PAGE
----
This article was originally published on REVOLVE on 10 June 2021.
In the northeast of India, the city of Guwahati is a regional hub of economic activity facing challenges stemming from ruptures in ecological connectivity. As the city has expanded over the last two decades, development on the floodplain has left Guwahati and its residents vulnerable to catastrophic flooding, and jeopardizing this regional stronghold for India’s Look East/Act East Policy.
A hub of connectivity in the Northeast
The city of Guwahati in Assam is heralded as the ‘gateway to Northeast India’, as it sits near the mouth of the Siliguri Corridor, known as the Chicken’s Neck, that connects this borderland with mainland India. The city, with over a million inhabitants, is a veritable melting pot of people from different parts of Northeast India. It is home to the region’s only international airport and is an important regional hub of railway connectivity. Over the last two decades, the city has experienced rapid urban growth and development and has been positioned as the regional stronghold for India’s Look East/Act East Policy by New Delhi. The states comprising Northeast India are often described as ‘springboard’ and ‘bridgehead’ for growth, marked by infrastructure project plans that aim to increase connectivity between South Asian and Southeast Asian countries.
Urban flooding in Guwahati
While the catastrophic annual floods along the Brahmaputra in the rural hinterland of Assam have started to receive national and international attention in recent years, the situation in Guwahati has an entirely different flood pulse. Both areas are seeing the impacts of infrastructure development on the nearby floodplains, which reduces the capacity of the landscape to mitigate annual flooding, exacerbated by climate change. However, the sheer scale of the city and its infrastructures means that there is quite simply nowhere for the water to drain, leaving the city and its residents trapped in an urban planning disaster of its own making.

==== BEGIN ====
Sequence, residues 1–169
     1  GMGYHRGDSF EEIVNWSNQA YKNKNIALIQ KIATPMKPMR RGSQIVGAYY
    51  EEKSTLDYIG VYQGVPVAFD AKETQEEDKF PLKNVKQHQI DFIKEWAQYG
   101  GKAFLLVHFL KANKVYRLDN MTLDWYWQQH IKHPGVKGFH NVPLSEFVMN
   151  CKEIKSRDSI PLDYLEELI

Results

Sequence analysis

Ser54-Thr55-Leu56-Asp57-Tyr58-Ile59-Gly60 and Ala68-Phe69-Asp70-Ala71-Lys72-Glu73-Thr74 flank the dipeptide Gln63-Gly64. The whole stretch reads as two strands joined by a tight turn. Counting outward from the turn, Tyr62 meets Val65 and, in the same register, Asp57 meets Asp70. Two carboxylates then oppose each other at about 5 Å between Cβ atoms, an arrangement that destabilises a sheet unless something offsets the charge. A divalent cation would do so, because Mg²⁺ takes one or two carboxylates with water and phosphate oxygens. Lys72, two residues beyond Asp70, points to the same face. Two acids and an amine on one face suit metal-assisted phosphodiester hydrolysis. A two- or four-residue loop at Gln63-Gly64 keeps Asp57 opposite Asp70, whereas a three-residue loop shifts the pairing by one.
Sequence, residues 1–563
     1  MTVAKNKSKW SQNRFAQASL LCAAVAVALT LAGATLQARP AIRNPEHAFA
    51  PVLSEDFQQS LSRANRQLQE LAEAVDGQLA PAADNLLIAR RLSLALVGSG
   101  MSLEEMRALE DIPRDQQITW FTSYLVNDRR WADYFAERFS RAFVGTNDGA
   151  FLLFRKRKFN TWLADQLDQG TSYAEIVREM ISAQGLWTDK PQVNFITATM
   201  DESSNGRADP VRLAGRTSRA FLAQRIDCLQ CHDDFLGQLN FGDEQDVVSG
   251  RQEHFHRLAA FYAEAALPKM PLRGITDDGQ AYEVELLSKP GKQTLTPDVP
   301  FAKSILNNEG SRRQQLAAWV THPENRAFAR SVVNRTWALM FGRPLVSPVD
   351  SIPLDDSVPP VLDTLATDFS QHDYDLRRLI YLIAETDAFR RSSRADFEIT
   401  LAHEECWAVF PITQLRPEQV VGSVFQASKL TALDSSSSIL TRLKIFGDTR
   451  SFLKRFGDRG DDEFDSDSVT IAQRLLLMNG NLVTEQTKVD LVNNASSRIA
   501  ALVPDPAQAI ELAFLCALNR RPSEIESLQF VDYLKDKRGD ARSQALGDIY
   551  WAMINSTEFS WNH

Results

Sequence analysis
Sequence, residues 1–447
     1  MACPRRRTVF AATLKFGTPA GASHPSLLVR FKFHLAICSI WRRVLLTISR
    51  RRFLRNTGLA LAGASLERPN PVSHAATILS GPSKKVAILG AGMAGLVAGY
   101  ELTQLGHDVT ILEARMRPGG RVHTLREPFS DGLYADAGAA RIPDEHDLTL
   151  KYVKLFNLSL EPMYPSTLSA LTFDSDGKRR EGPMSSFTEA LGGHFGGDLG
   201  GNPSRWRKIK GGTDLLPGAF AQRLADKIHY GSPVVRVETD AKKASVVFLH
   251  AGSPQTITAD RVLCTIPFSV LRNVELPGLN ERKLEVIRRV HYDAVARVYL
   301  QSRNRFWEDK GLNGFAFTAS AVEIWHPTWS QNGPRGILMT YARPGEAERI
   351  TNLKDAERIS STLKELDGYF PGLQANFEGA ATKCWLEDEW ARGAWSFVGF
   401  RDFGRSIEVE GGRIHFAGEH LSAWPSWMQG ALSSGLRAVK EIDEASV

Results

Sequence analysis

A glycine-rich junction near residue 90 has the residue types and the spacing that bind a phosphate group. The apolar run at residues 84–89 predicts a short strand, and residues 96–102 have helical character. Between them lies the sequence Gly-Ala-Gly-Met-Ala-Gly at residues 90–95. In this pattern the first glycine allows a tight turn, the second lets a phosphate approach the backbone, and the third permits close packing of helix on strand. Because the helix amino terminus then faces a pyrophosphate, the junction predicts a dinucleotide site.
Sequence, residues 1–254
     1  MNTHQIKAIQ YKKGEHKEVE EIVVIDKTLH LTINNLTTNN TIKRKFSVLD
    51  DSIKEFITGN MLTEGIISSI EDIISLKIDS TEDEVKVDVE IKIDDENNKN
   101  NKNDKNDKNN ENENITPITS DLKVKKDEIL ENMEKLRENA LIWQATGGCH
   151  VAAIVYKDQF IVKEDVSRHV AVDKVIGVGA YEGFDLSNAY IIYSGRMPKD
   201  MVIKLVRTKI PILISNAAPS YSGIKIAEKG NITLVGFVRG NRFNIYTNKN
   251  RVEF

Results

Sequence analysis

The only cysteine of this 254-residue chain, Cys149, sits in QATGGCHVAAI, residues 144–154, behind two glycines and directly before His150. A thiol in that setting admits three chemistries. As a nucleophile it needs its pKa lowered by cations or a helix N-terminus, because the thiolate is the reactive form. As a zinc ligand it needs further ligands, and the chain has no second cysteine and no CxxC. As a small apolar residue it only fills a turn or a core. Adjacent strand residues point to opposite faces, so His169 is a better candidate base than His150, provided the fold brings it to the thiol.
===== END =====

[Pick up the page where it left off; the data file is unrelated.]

Following heavy downpours during monsoon season, the flooding is such that the streets of Guwahati almost resemble small tributaries of the Brahmaputra, and spectacular images of cars and bikes floating down the streets of Guwahati have been normalized over time. The city’s residents have learned to live with the collective angst associated with this urban planning disaster, which leaves residential areas inundated with floodwaters mixed with garbage, and several lives lost due to electrocution during such episodes of flooding.
Futile Flood Warnings
In August 2020, the city launched its very own city-based urban Flood Early Warning System (FEWS), a web-based tool developed by the Energy and Resources Institute (TERI) in collaboration with the National Disaster Management Authority (NDMA), Assam State Disaster Management Authority (ASDMA) and the India Meteorological Department (IMD), to support urban disaster management and help mitigate the annual rainfall-induced artificial urban floods that render the city’s urban infrastructure dysfunctional.
However, within the city’s borders, a FEWS, while well-intentioned, is futile, as within Guwahati’s cityscape there is absolutely no place for residents to escape the floods reaching their localities and entering their homes. Unlike in rural areas, where FEWS give residents time to gather their belongings and to turn to higher ground, thus reducing somewhat the losses accrued during flood events, within the city, residents are trapped, and losses are inevitable.
A crossroads between economic and ecological connectivity
Guwahati’s position as a regional hub of connectivity stands in stark contrast with the ruptures in the ecological connectivity that have created the conditions for devastating artificial floods. The city’s rapid expansion, accompanied by an infrastructural maze within the city and the highways and railways crisscrossing the peri-urban space, have destroyed critical natural infrastructure, such as wetlands, floodplains, and forests, that are vital to the natural flood management capacity of the landscape. Several wetlands and forests surround Guwahati, the most significant of them being the Ramsar site Deepor Beel. Unfortunately, this wetland has been decimated, i.e. reduced to just one-tenth of its original size, covering just 4 square kilometers today. Over time, a systematic process of ruptures to its natural ecological connectivity has taken place, with railway lines bisecting parts of the Deepor Beel, and several institutions ranging from government facilities, residential colonies and markets, universities, private hotels, small-scale businesses, and brick kilns filling up encroached parts of the wetland. Further, the city’s primary garbage dumping site borders the Deepor Beel, creating further problems for the survival and functioning of the wetland.